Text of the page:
Don’t Confuse a Church’s Slow Pace with Complacency

March 11, 2018 — 6 Comments

 

Every church has a pace built into the culture of its people. Some churches move more slowly. Some move more quickly. While most established churches likely need to pick up the pace, a slow pace does not necessarily mean the church is complacent.

Complacent churches are self-satisfied and are unwilling to address problems. Unfortunately, far too many churches are complacent. But don’t confuse complacency with a slow pace. Some congregations are willing to move forward; it just takes them a little longer. A few factors may influence the slow pace of a church.

The community may move at a slower pace. The church is simply reflecting the greater culture of the community. For example, rural communities tend to change less quickly. A church that moves too quickly in a slow-moving farming community may actually become less relevant.

A slow pace may point to stability, not entrenchment. It’s hard to move rapidly and also be stable. Slow-moving stability can be better for some church cultures. The downside of this pattern is it can create ruts of entrenchment, but it doesn’t have to be the case. When used strategically, stability can advance discipleship, sacrificial giving, and equipping—none of which point to complacency.

Leaders may guide the church methodically. Not every leader is designed to push forward with intensity. Not every church needs a hard-charging pastor full of ambition and ideas. Some church leaders plod thoughtfully, with intention and strategy. Plodding leaders are not complacent leaders.

The season of a church may necessitate a slower pace. When a church needs to heal, it almost always needs to slow down. A church may go through months, if not years, of a slower pace. This intentional slowdown may be the opposite of complacency. It could be the problem is the fast pace.

Passion is not always fast. Restoring an antique car takes time. It’s a painstaking process. The slowness of the restoration process is a sign of passion, not complacency or apathy. The same principle applies to the church. Pastors who revitalize churches may move slowly, but it’s an indicator of their passion and love for the church, not a mark of complacency.

Don’t make the mistake of assuming all slow-moving churches are complacent. In fact, many established churches require plodding leaders who are willing to take the time to revitalize them. These pastors are passionate, not complacent.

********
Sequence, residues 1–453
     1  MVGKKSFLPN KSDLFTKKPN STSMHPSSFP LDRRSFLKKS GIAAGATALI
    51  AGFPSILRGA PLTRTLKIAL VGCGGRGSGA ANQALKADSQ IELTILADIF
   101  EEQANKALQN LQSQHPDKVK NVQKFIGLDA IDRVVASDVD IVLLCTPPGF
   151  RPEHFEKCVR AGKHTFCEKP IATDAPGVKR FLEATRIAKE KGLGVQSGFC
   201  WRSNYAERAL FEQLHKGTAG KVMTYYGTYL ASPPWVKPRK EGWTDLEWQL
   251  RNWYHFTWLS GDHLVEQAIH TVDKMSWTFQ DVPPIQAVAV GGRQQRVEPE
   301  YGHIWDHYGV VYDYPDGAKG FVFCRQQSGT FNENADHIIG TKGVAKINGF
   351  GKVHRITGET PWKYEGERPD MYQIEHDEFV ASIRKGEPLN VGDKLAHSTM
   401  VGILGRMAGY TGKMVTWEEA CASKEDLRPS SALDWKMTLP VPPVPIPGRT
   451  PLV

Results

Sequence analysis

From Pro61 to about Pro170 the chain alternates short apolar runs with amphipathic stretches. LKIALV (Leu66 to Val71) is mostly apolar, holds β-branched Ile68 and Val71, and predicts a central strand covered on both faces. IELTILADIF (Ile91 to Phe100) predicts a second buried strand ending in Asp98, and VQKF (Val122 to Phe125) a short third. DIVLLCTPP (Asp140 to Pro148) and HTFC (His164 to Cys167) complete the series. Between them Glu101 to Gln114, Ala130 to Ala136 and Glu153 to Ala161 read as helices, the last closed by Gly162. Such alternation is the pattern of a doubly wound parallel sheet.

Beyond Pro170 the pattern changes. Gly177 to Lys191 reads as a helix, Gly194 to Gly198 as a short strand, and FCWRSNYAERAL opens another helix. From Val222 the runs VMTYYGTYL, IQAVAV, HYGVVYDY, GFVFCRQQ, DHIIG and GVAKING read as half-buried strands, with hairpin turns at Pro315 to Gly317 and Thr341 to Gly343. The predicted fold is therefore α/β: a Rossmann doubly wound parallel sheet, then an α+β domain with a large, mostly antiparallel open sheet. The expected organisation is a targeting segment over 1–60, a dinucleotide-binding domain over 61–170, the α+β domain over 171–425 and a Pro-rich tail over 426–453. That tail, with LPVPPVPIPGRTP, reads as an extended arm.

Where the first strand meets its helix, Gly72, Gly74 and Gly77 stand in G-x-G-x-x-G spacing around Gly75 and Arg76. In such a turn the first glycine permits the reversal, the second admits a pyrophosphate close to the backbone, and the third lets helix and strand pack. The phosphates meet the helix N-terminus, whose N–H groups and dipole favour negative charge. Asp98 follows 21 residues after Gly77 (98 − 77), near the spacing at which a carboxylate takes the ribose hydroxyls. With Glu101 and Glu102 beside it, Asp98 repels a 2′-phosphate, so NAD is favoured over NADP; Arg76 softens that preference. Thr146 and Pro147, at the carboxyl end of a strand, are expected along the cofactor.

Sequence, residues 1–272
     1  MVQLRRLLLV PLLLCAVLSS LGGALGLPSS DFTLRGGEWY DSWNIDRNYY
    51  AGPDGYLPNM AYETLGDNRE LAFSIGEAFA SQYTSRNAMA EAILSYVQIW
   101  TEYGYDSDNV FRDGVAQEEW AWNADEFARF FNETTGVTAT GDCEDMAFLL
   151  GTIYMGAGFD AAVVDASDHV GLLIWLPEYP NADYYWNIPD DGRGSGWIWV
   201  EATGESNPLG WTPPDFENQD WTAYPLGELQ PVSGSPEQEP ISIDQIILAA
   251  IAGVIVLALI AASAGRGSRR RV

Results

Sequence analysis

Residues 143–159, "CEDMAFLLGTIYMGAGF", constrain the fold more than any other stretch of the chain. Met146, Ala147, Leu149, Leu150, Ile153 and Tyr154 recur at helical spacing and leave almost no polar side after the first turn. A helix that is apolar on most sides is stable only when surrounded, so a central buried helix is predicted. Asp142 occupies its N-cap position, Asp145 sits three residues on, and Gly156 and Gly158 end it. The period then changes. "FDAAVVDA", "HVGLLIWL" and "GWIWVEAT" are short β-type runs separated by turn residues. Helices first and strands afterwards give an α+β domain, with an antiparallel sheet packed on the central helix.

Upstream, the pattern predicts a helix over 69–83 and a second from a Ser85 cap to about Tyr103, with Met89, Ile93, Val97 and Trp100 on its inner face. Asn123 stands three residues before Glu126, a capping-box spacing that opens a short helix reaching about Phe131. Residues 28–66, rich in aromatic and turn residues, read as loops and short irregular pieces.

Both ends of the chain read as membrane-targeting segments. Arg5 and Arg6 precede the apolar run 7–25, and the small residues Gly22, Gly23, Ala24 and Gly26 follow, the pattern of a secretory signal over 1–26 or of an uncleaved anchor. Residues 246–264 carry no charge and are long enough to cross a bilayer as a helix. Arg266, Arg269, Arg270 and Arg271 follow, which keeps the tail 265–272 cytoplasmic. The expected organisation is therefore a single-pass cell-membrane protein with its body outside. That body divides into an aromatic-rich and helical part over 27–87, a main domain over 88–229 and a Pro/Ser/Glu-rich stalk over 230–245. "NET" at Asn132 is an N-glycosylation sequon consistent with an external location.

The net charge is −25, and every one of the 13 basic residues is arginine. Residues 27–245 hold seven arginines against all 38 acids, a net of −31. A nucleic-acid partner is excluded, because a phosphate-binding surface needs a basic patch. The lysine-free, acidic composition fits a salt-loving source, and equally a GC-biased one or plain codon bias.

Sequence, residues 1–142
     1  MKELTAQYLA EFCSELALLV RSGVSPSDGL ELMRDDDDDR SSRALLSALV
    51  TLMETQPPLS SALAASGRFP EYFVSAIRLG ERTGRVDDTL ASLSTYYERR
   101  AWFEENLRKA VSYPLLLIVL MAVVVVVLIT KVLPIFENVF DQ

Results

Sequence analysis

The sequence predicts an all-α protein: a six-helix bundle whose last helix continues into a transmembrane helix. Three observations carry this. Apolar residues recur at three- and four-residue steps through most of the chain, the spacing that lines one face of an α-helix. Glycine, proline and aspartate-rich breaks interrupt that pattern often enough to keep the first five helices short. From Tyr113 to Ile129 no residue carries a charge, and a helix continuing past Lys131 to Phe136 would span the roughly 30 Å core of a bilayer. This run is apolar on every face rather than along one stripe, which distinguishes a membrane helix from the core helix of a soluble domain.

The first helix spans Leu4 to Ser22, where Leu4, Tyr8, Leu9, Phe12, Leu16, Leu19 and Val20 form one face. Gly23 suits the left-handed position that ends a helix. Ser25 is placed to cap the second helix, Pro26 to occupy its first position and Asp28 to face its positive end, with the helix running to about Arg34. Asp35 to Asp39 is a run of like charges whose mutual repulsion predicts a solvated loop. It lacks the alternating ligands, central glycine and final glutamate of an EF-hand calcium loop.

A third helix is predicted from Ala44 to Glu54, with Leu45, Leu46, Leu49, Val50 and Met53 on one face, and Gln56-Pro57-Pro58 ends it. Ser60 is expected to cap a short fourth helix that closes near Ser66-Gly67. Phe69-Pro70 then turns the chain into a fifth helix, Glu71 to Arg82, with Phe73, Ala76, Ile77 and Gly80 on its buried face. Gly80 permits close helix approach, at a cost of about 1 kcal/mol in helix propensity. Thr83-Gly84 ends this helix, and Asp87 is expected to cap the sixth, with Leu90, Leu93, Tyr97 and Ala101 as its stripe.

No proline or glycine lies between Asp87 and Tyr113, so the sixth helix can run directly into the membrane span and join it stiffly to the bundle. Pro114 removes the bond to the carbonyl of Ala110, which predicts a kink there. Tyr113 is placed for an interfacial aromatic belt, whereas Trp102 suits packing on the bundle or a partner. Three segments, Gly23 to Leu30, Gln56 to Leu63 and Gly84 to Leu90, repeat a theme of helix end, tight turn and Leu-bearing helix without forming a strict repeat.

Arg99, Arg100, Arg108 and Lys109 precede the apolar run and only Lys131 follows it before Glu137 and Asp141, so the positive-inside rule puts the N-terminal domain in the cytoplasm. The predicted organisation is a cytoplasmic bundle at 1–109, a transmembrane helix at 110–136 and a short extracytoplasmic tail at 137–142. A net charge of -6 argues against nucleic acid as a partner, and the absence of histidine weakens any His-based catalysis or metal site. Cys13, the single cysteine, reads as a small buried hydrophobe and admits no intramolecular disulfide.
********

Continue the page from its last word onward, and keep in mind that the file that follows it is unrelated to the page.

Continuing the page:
Sam Rainer

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Sam S. Rainer is the president of Rainer Research and the Co-Founder and Co-Owner of Rainer Publishing.

6 responses to Don’t Confuse a Church’s Slow Pace with Complacency

  1. Thank you. I have been pastoring in a rural setting for many years. This is an encouraging word.

  2. Great wisdom in this article. I especially appreciate number 4, churches will for through different seasons including some of a slower pace.

  3. While I agree in theory that just because a church is moving at a slower pace doesn’t mean they are complacent, I do worry about this: slow pace = slow change. The world around us is changing furiously fast. How do you reconcile slow pace of organizational change with fast pace of change in the world?

    • Matt – Many churches do need to pick up the pace. I coach pastors to go after low-hanging fruit if their church needs to change more quickly. Focus on something that will not be controversial and demonstrate change can be positive. Build trust with incremental change and then propose more radical changes if they are needed.

  4. I loved the part that slow change could indicate stability. Of course, a snail’s pace could also suggest stagnation. Yet, each situaiton can be appropriately judged. (That snail is a cute visual.)

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